Chimney is Selkirk Supervent from Lowe's. Stainless inside and out. Lowe's has a "kit" with everything except the pipe for a standard single story roof install for an excellent price. Much less than piecemeal purchasing at Menards for the same parts. I picked up the kit plus three, 3 foot sections of pipe for about $400. I have about 8 feet of stovepipe from the boiler to the ceiling (10 foot ceilings), so about 17 feet of flue total. I'll get some pictures this weekend when it's actually light out...... ;)
europachris
 
Stove/Furnace Make: EFM 350/Iron Fireman
Stove/Furnace Model: Custom bituminous burner

Re: EFM = Electric Fireman (new project alert)

PostBy: europachris On: Fri Jan 07, 2011 8:45 am

stokerscot wrote:I like the color you painted the door and stoker unit! Is that your way of going green???? :D That's a sweet green :)


LOL, yeah, I'm trying to give people the impression I'm not out to destroy the environment.

I do love green, however. The stoker is painted with Rustoleum Hammertone Deep Green. The EFM door is Rustoleum BBQ paint. I actually wanted to paint the stoker with more of a lighter "vintage" green similar to the original color which was an aqua-green. But, nothing is really available in those "vintage" colors without a custom mix. Masterchem Industries makes "Hammerite" brand paint that is available in a mid-green color but I can't find it around here and it is expensive to order and ship in.

The other reason is that the stoker sheet metal was pretty rusty and lightly pitted all over. The hammertone paint hides EVERYTHING! I thought about it, and then rapidly slapped the sh!t out of myself, for almost doing a Bondo job to prep the surface for a smooth finish using standard paints. The hammertone paint is also extremely hard and durable after it cures for a month or two, far better than standard Rustoleum or Krylon paints.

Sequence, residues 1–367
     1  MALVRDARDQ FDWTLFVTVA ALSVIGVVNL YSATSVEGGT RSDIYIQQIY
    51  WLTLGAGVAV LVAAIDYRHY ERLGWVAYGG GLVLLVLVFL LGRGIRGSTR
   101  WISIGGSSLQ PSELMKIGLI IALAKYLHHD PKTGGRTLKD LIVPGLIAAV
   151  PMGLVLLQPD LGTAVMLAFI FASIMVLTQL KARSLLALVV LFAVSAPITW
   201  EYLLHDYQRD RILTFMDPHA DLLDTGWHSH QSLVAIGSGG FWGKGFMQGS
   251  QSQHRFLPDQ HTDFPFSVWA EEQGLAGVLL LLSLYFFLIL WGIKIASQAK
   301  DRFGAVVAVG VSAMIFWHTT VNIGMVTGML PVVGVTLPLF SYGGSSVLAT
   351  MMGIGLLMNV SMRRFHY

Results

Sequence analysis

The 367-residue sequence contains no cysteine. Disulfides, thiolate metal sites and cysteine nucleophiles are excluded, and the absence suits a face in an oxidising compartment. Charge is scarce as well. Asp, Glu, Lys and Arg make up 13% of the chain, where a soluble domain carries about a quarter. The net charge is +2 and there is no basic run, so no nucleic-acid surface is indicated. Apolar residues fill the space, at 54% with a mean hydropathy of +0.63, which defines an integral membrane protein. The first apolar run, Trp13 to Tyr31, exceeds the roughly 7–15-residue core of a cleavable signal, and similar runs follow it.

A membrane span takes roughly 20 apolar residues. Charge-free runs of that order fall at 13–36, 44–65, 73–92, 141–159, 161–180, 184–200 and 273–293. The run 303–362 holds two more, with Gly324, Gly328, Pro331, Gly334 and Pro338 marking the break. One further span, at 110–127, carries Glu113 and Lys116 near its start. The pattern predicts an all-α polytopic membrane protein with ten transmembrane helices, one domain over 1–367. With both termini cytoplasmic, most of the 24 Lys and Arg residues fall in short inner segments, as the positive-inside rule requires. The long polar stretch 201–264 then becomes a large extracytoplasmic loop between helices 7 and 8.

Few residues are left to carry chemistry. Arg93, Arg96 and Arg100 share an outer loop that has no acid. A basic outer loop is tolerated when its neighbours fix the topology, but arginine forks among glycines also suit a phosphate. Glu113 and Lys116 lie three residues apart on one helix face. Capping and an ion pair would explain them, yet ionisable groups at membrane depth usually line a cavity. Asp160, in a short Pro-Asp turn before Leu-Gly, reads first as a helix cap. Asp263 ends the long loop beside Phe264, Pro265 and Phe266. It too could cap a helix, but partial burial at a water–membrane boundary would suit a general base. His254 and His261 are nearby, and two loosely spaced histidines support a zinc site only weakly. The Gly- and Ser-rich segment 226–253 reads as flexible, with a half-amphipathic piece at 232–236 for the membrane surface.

europachris
 
Stove/Furnace Make: EFM 350/Iron Fireman
Stove/Furnace Model: Custom bituminous burner

Re: EFM = Electric Fireman (new project alert)

PostBy: Rob R. On: Fri Jan 07, 2011 8:50 am

Beautiful workmanship.
Rob R.
 
Stoker Coal Boiler: EFM DF520
Hand Fed Coal Stove: Hitzer 50-93
Coal Size/Type: Lehigh Rice
Other Heating: Dad's 1953 EFM Highboy

Re: EFM = Electric Fireman (new project alert)

PostBy: europachris On: Thu Jan 13, 2011 8:38 am

All I can say for today is thank goodness I ran a system leak check last night with air only. I used 12 psi regulated off my shop air compressor and found 4 whopper leaks. Two were in the house on the 1" copper about two feet apart. Evidently I was getting sloppy and/or lazy when I was sweating in the heat exchanger. Both fittings (an elbow and a union) were leaking against the wall where I didn't get enough heat.

The other two were on the boiler - the tridicator port and one of the 2" returns. The tridicator port I could understand as I went a little deep when I was cutting out the frozen plug way back when, but the return fitting was puzzling. It was leaking GOOD but was in tight, lots of dope, threads perfect. I cleaned it up and even checked if it was a cracked or porous casting (Chinese reducer bushing). I didn't find anything obvious so I used some RTV and re-installed it. I put in a few psi to see if it would hold and it seemed OK but I wanted to wait 24 hours and let the RTV cure before leak testing again so as to not blow the sealant out before it cures. Did the same for the tridicator.